- Tener un perro suelto. (To have a loose dog.)
- If you have a loose dog, it means you’re starving.
- You can also say “I’ve brought home a loose dog” when you return home from work or school if you haven’t eaten anything all day and are starving!
But you know the funniest part about this? When it comes to rain, they don’t say “It’s raining cats and dogs.” They say “It’s raining toads and snakes!”
Money and Shopping
The Costa Rican currency is called “Colón” or “Colones” in the plural. One US Dollar currently equals 653.02 Colones, so don’t panic if every price tag in this country looks terrifying to you.
Food and Drinks
From my point of view, traditional Costa Rican food sits somewhere between Mexican and Caribbean cuisines. It’s also my opinion… that it’s the best of them all. Sue me.
Below I’m listing out some of the most typical dishes, and ones that I’ve already tried.
The traditional Costa Rican breakfast! Gallo Pinto is rice and black beans cooked in broth. It’s usually served with some form of cooked eggs (scrambled, sunny-side up, etc), with a block of white cheese and some sour cream.
As much as we’d eat eggs and bacon any time of day, it’s much less typical to see a Tico eat Gallo Pinto for lunch or dinner.
Casado means “Married.” Confused?
Back in the days when men would go work on coffee plantations, everyone would bring their own lunch. And word has it that the married men always brought so much more food, enough to share with everyone (because he has a wife at home cooking for him). If someone shows up with a full plate of food, it was always the married man.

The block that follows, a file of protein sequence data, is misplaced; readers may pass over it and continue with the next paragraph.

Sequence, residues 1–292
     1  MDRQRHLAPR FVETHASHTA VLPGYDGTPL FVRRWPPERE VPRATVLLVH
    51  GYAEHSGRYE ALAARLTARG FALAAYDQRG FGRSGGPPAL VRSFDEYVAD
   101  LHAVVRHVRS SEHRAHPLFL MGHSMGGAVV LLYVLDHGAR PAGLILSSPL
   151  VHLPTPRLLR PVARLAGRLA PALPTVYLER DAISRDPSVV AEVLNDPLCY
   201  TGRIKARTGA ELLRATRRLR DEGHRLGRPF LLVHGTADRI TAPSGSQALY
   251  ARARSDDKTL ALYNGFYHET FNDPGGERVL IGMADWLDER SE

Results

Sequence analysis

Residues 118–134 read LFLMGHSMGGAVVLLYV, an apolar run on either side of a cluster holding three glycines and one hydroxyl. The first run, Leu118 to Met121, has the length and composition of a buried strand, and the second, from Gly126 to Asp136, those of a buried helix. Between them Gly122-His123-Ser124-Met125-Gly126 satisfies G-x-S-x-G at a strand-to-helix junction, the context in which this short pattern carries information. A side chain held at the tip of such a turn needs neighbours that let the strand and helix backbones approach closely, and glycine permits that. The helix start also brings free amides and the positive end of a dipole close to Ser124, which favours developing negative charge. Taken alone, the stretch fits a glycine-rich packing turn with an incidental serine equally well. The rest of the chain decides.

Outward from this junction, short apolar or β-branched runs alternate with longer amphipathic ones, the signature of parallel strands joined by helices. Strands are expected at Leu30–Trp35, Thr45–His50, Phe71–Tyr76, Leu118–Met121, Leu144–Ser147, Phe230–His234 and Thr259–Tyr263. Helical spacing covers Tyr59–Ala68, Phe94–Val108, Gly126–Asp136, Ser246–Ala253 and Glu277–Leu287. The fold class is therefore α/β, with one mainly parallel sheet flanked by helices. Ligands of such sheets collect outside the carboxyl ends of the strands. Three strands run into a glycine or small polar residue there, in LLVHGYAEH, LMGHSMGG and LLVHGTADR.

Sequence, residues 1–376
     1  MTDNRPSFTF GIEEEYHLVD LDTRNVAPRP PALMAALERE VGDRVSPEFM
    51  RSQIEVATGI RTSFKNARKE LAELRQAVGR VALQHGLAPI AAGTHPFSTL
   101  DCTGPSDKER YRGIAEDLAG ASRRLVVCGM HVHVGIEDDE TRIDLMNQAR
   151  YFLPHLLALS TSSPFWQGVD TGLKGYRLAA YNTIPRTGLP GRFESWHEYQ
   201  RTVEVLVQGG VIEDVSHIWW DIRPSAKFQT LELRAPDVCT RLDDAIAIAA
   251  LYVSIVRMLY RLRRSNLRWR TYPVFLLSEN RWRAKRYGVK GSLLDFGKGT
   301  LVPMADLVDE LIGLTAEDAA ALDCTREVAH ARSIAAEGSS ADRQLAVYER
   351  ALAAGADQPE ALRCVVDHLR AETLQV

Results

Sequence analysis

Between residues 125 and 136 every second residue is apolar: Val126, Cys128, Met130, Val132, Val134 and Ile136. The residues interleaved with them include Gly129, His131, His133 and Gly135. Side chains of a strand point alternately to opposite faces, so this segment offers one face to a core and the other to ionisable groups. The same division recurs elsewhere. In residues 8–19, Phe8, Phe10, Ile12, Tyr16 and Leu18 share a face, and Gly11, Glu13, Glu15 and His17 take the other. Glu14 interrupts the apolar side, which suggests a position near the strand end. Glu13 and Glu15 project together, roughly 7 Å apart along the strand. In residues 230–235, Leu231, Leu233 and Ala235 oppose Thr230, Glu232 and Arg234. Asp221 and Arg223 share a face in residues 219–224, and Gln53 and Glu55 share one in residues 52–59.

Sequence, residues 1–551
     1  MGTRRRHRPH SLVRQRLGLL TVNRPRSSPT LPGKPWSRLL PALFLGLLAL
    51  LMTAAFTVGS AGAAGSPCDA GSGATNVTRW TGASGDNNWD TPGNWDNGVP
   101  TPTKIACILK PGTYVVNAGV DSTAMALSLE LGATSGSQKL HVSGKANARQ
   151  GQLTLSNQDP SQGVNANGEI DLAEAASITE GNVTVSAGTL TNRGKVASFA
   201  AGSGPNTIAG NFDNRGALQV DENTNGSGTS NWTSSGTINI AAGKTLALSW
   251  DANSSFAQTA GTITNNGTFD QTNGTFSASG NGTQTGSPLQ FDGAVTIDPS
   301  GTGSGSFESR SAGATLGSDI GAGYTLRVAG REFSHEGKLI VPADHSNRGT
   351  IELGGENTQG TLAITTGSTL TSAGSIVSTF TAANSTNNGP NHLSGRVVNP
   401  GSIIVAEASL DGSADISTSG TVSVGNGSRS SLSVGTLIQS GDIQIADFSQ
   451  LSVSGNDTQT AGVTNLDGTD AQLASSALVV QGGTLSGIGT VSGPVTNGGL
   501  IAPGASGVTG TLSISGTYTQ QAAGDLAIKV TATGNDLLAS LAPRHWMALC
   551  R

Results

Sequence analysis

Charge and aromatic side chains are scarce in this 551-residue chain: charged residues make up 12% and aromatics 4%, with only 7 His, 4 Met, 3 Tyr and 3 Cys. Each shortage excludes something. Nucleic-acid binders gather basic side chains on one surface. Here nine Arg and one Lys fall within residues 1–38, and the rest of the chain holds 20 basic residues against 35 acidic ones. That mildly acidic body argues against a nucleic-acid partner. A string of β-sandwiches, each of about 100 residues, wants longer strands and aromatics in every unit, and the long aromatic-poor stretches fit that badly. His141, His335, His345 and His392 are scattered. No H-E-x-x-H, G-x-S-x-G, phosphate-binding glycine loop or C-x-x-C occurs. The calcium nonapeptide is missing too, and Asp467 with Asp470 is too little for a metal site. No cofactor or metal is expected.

So there you have it! Casado is a BIG dish that consists mainly of rice, a type of meat, black beans, fried plantains, and as many other toppings and sides as you can think of. And it is the most common dish the locals have for lunch or dinner.
Directly translated to “Black Soup,” Sopa Negra is made of black beans, onions, bell peppers, and garlic stewed in chicken broth. It’s usually topped with cooked eggs in any style, some hot peppers according to preference, and A LOT of cilantro.
Known as Tostones in some Latin American countries, “Patacones” is a Caribbean specialty from the East Coast of Costa Rica. It’s basically mashed and deep-fried pieces of unripe plantains.
In Costa Rica, they’re usually eaten alongside a meal, like a Casado. It can also be treated like crackers, where you’d top it with meat and sauce, or mashed and spiced black beans, sausages, and so on.
Tortilla de Queso
Done Costa Rican style, the cheese is added to the Tortilla flour before cooking. These tortillas are not as thin as Mexican tortillas. They are more like savory pancakes than anything. You can either snack on them alone, or have them with sour cream and other side options like beans, sausages, or vegetables.
Arroz con Leche
Although this rice pudding isn’t strictly a Costa Rican specialty, it is to die for.
Arroz con Leche is widely consumed in Spain and Latin American countries, each country having its own variation of the dessert. The Costa Rican version follows the Spanish recipe of milk, cinnamon, and sugar. Sometimes local produce like pineapples or raisins is added.
At first glance, this typical Costa Rican drink looks like coffee… It’s unrefined cane sugar dissolved in water. This means it has the beautiful aroma of brown sugar, but with an absolutely perfect sweetness level. Imagine that…
The locals usually have Agua Dulce hot with breakfast. But it’s totally fine to have some at any time of day. I may have had a bit too much of it…
When ordering Agua Dulce, you can either get one with water (called Agua Dulce Negra) or with milk (con Leche). The second option spares no victims. It is CRAZY GOOD.
This is another must-try drink. Cas is a fruit native to Costa Rica. To me, it looks and tastes very similar to any guava you’d find in Thailand. But I have to say, Cas is just a little bit sourer and tastes fresher than your average guava juice. It also balances out a heavy plate of Casado very well.
So there you have it! Your first dose of the Pura Vida lifestyle. If you’re considering visiting the country, check out my list of top things to do there to help you plan. And if you plan on renting a car, make sure you know the driving situations there as well!